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'Melo's Forward Progress
December 07, 2009
Think Carmelo Anthony is one of those guys who will never quite get there? First take a look at how far he's come
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December 07, 2009

'melo's Forward Progress

Think Carmelo Anthony is one of those guys who will never quite get there? First take a look at how far he's come

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He gets it at home, too. Vazquez is a full-blooded Puerto Rican who speaks Spanish around their sprawling home in suburban Denver, in hopes that Kiyan will become bilingual. Less than fluent in Spanish, Carmelo is tasked with teaching his son to dribble, and also with inflating the toys and overseeing the Elmo film festivals. "I think because Carmelo was raised without a father, he compensates so much," says Vazquez. "He's definitely the good cop."

Anthony fills a similar role on the Nuggets. He's a team leader, but he's the one who consoles players who have entered coach George Karl's doghouse or gotten crosswise with businesslike veteran Chauncey Billups. When, for instance, Denver guard J.R. Smith spent 24 days in jail last summer after a reckless-driving conviction, Anthony was the teammate he chose to call from the jail pay phone. "You get these labels in sports—and they can be hard to undo—and I'd obviously heard [the rap] on Carmelo," says Malik Allen, a veteran forward the Nuggets signed in the off-season. "But I've been pleasantly surprised, to be honest. The best player on the team is always going to have a presence, but he has a real positive influence. When he does things like refusing to come out of practice, everyone takes notice."

Karl also hails Anthony's increased "involvement and his responsibility," a change that can be traced to the last Olympics. In 2008, Anthony helped the U.S. win a gold medal in Beijing and came back from China with a new sense of purpose. "The same way he's gone from a scorer to a basketball player," says Karl, "he's gone from individualist to more a leader."

Anthony's relationship with Karl hasn't always been the picture of harmony. "It was like we were two dogs marking our territory," says Anthony. But the coach and the player have, as Karl puts it, gravitated to each other. They've come to realize that they're kindred spirits, each incomplete in the absence of a championship. Karl is, unquestionably, a top-shelf coach. But without a title, he won't crack the Phil Jackson--Gregg Popovich duopoly. Likewise, Anthony is unquestionably one of the brightest stars in the basketball cosmos, but he's still a level down from Kobe Bryant, LeBron James and Dwyane Wade. "And those last two were in my [draft] class," he volunteers.

Bryant is the figure who most clearly stands in the way of a title for Anthony. Asked to assess Anthony, Bryant says without hesitating, "I've always felt his game was sharp. Now the guys around him know how to play off him. I enjoy the competition with him. He's a tough matchup for everyone." It's generous praise, especially from a player who can be parsimonious in that regard. But when Anthony hears Bryant's assessment, he shifts uneasily and winces. It's clear: Kobe is on Mount Olympus, looking down from on high and surveying the landscape. "I don't want to compare myself to Kobe," says Anthony. "This is his 14th season. I got time. Will I win four rings? I don't know. But that's the future. I do know that I'm not even close to where I'll be. There's so much I can improve. And that's scary."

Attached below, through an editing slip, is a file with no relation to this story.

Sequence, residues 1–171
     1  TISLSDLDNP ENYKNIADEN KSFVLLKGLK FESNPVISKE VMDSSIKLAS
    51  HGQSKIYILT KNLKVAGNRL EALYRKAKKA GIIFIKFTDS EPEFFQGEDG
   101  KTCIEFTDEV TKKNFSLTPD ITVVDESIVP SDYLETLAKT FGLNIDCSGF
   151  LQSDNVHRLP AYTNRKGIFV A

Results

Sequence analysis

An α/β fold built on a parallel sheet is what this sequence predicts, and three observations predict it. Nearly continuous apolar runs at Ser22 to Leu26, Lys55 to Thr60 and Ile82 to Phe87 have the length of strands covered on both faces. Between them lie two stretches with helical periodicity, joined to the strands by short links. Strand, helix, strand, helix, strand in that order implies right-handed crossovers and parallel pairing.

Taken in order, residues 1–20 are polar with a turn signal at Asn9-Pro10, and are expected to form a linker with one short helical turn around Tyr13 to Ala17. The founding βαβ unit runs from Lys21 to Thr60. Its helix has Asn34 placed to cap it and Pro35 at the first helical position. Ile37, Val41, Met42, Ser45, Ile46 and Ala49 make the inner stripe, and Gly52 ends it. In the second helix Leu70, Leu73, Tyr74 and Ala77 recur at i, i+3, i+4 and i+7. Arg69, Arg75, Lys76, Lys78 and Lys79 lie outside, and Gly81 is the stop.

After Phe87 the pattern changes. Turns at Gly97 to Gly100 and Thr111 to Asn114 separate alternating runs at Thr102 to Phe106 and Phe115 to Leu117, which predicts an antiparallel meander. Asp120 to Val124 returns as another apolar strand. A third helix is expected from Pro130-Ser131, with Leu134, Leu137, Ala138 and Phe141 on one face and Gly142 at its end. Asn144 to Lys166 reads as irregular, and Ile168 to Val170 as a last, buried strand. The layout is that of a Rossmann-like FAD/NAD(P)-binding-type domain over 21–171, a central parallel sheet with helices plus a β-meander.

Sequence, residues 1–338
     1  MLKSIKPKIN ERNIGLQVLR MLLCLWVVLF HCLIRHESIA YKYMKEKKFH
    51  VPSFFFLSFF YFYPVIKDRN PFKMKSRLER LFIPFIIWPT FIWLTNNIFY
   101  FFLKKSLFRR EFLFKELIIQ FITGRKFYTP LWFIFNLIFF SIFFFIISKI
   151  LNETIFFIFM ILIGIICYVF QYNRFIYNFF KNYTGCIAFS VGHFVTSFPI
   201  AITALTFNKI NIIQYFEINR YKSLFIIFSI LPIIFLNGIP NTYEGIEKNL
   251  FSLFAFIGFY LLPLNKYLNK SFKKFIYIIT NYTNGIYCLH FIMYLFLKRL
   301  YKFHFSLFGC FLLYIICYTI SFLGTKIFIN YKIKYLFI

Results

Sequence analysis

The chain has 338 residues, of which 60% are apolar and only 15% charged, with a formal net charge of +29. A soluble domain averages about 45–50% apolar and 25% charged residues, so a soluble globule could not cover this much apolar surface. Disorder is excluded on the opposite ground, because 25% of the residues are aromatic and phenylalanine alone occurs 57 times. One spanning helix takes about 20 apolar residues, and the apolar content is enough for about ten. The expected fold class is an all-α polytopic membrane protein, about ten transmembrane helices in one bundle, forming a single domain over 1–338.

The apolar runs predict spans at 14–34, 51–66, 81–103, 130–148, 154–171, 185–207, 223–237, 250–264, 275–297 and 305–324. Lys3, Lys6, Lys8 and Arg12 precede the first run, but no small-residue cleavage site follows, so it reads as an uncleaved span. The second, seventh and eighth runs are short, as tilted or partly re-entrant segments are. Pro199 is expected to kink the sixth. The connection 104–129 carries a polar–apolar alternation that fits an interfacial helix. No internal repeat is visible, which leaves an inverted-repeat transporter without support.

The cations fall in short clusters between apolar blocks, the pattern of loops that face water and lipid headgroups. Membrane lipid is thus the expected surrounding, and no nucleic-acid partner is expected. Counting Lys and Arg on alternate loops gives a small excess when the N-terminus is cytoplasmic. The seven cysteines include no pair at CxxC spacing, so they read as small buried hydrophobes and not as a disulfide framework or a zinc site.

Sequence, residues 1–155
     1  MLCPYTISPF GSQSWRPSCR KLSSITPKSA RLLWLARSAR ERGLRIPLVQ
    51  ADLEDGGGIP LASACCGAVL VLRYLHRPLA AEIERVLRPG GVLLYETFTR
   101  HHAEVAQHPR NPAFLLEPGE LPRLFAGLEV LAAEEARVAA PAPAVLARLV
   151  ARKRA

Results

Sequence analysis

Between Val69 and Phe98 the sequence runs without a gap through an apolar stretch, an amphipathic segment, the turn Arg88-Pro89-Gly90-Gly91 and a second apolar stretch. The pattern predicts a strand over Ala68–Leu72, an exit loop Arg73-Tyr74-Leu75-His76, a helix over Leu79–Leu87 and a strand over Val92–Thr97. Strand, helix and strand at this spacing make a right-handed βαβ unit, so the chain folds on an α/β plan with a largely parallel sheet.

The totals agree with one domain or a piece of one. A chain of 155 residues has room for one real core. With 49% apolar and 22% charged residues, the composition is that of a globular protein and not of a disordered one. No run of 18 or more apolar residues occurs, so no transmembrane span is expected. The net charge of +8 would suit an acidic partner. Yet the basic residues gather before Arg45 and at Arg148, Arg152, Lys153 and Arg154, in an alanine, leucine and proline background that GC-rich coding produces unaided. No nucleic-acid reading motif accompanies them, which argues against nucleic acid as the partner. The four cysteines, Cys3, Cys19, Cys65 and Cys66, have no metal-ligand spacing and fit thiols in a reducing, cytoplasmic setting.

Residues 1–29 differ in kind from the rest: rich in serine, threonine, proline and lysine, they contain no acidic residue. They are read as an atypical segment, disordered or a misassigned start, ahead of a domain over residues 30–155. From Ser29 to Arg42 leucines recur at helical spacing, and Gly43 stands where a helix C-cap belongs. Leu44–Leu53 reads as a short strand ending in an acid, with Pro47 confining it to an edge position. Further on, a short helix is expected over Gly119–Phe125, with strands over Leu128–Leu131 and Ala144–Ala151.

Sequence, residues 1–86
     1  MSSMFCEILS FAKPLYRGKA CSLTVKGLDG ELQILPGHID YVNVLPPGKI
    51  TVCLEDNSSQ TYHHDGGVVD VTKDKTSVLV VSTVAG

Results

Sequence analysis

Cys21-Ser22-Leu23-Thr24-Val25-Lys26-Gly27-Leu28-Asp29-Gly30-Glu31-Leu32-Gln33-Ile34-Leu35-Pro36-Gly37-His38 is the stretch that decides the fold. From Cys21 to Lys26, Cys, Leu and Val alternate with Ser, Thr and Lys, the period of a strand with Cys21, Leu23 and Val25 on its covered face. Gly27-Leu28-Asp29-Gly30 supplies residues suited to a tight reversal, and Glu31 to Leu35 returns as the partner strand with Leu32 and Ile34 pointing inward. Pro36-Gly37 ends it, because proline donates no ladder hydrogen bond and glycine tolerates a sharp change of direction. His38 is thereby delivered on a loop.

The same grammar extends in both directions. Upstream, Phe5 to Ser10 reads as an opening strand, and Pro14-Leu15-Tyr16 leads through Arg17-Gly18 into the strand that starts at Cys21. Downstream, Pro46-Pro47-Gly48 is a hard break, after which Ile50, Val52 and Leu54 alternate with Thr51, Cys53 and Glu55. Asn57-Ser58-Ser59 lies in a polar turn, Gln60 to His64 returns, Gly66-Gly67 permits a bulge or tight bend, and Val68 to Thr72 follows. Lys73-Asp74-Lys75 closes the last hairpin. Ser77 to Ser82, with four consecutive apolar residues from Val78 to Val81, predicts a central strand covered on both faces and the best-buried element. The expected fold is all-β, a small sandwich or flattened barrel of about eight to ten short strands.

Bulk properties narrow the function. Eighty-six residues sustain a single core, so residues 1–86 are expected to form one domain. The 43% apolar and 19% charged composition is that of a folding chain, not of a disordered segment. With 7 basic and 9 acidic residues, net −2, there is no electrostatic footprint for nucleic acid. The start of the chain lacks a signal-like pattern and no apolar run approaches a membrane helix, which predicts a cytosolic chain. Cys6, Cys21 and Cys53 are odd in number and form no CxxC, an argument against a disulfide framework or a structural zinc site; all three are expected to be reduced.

His game was on vivid display when the Nuggets hosted the Lakers on Nov. 13, an encounter that had the aura of one of their games in the 2009 Western Conference finals. Hours before tip-off Nuggets fans walking up Speer Boulevard had started the familiar Beat L.A., L.A. sucks, Kobe sucks medley. Beset by foul trouble, Anthony scored only seven points in the first half. He didn't, however, force shots or complain to the refs. Showing off the subtlety that's crept into his game, he played the passing lanes on defense and fed open teammates at the other end of the floor, contributing in ways other than putting the ball in the basket. He was defended UFC--style by Ron Artest, and at one point they tangled and crashed to the floor. It was precisely the kind of play that might have caused Anthony to confront or taunt his opponent. Instead, Anthony extended a hand and helped Artest up.

At halftime Anthony jogged back on the court with his head high, commending Denver forward Kenyon Martin for his defense. Then, in the second half, the inevitable eruption came. Anthony scored 10 points in the first five minutes of the third quarter, pouring in all manner of jumpers, drives and free throws. It was the embodiment of the saying: Let the game come to you. Anthony finished with a game-high 25 points. The Nuggets did as directed and beat L.A. 105--79.

As he dressed in front of his locker, a spartan cubicle adorned only with a photo of Kiyan, Anthony fastened his cuff links and held forth. "There's No 'Melo stopper," he bragged. But then he turned serious, cautioning against assigning too much weight to one early-season contest.

Wiser now, he knew this game was history, the future still a mystery.

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